This captivating work charts the history of Tasmania from the arrival of European maritime expeditions in the late eighteenth century, through to the modern day. By presenting the perspectives of both Indigenous Tasmanians and British settlers, author Henry Reynolds provides an original and engaging exploration of these first fraught encounters. Utilising key themes to bind his narrative, Reynolds explores how geography created a unique economic and migratory history for Tasmania, quite separate from the mainland experience. He offers an astute analysis of the island's economic and demographic reality, by noting that this facilitated the survival of a rich heritage of colonial architecture unique in Australia, and allowed the resident population to foster a powerful web of kinship. Reynolds' remarkable capacity to empathise with the characters of his chronicle makes this a powerful, engaging and moving account of Tasmania's unique position within Australian history.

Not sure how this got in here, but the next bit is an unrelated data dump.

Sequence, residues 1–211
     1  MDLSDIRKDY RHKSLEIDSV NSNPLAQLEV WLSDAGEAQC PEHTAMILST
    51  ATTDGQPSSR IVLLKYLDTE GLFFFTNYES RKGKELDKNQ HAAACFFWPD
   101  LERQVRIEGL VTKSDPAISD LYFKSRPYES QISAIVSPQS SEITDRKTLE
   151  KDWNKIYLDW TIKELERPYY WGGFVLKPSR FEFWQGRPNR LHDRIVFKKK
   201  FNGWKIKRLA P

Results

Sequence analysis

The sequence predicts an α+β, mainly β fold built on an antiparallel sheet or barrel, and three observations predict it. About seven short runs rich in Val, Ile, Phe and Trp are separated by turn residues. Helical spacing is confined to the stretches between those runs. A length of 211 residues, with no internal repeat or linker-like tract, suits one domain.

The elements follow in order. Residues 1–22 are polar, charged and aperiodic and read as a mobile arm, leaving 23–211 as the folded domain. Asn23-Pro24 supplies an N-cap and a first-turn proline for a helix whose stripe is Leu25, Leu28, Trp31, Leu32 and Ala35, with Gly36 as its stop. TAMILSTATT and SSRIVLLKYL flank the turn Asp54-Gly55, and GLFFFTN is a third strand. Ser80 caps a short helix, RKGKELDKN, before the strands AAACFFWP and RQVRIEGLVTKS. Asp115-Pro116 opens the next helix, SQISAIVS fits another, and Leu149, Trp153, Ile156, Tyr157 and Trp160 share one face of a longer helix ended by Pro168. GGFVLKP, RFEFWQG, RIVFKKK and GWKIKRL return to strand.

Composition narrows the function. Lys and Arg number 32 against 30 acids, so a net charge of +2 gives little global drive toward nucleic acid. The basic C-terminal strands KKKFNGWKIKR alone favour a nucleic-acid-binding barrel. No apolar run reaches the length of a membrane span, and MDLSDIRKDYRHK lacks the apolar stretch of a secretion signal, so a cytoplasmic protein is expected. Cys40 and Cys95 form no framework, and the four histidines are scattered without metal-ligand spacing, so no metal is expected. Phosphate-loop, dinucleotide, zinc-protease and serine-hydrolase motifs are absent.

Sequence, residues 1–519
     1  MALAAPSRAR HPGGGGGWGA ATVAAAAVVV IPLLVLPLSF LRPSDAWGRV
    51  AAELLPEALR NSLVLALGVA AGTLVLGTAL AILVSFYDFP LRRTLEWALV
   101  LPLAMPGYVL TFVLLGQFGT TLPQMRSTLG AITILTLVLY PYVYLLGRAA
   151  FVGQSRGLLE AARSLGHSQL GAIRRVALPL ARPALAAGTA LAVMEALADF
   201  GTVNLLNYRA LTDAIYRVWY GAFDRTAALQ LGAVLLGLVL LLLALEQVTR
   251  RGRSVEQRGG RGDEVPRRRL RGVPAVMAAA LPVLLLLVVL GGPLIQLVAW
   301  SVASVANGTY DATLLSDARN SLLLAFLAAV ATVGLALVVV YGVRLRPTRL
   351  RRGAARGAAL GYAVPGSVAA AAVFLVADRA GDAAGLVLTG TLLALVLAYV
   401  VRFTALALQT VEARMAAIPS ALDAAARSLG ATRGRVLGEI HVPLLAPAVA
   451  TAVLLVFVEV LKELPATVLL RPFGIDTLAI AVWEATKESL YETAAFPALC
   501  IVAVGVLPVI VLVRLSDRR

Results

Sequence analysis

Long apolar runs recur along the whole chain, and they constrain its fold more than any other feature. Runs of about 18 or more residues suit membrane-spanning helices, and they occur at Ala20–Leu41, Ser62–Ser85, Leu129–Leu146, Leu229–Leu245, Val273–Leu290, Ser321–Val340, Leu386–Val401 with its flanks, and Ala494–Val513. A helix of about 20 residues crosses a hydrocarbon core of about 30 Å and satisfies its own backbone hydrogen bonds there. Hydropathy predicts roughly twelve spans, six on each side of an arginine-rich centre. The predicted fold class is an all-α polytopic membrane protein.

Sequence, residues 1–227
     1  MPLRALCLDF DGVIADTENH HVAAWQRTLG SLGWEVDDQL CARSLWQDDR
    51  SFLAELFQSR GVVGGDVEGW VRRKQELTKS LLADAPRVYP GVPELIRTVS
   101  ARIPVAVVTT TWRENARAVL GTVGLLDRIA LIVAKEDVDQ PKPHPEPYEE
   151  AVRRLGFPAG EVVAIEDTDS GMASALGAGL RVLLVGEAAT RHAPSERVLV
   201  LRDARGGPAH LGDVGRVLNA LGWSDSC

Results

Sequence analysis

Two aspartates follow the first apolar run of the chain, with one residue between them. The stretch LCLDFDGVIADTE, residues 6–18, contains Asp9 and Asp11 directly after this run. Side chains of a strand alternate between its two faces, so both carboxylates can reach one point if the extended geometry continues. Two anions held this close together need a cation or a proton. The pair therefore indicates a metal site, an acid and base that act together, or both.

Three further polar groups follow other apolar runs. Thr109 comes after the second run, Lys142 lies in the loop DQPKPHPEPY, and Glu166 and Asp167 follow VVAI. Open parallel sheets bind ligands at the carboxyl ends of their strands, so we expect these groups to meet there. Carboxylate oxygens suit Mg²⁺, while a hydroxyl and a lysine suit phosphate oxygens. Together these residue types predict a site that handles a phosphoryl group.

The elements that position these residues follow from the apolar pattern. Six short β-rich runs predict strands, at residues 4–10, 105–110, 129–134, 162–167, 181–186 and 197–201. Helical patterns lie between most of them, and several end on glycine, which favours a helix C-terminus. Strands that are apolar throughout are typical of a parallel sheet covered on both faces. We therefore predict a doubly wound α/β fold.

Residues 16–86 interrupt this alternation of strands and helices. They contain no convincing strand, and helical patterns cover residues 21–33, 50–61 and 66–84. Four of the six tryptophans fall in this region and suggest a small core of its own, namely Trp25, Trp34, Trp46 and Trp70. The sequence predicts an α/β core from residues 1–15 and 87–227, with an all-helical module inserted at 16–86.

Henry Reynolds is Research Professor in the Department of History and Classics at the University of Tasmania. His previous books include An Indelible Stain?, Nowhere People: How International Race Thinking Shaped Australia's Identity and Drawing the Global Colour Line.
1. Extraordinary encounters; 2. Fledgling settlements; 3. The Black War; 4. An indelible stain?; 5. The triumph of colonization; 6. The politics of Van Diemen's Land; 7. The convict system; 8. Post penal depression; 9. Reform and recovery; 10. Federation and war; 11. Between the wars; 12. Post war Tasmania; 13. Towards the bicentenary.